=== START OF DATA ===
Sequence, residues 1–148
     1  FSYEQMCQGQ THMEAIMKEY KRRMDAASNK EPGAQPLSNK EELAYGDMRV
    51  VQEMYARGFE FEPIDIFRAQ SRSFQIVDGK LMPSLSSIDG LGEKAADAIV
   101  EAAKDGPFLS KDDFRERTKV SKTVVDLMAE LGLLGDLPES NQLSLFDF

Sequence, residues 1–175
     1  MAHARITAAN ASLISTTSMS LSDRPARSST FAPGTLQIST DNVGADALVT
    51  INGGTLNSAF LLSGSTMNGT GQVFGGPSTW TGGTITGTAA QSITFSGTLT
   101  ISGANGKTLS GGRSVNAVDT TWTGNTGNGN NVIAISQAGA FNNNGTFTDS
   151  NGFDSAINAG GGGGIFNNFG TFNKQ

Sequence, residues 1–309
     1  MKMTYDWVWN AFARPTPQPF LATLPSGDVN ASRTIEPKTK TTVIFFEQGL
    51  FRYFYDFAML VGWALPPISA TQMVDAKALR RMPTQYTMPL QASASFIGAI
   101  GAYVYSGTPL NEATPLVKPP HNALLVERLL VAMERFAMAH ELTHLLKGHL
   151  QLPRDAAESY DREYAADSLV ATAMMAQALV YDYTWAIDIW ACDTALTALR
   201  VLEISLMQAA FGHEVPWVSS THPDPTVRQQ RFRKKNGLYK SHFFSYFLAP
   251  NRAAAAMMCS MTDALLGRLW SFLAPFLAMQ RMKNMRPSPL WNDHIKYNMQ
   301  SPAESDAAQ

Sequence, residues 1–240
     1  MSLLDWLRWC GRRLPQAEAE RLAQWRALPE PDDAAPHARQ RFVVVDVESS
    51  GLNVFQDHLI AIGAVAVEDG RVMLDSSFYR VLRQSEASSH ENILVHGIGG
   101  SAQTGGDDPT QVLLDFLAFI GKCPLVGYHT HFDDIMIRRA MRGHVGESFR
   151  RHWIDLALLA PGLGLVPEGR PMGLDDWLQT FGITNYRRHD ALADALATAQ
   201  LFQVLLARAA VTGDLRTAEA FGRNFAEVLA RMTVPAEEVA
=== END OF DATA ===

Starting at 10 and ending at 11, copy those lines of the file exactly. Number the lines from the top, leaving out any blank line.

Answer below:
Sequence, residues 1–309
     1  MKMTYDWVWN AFARPTPQPF LATLPSGDVN ASRTIEPKTK TTVIFFEQGL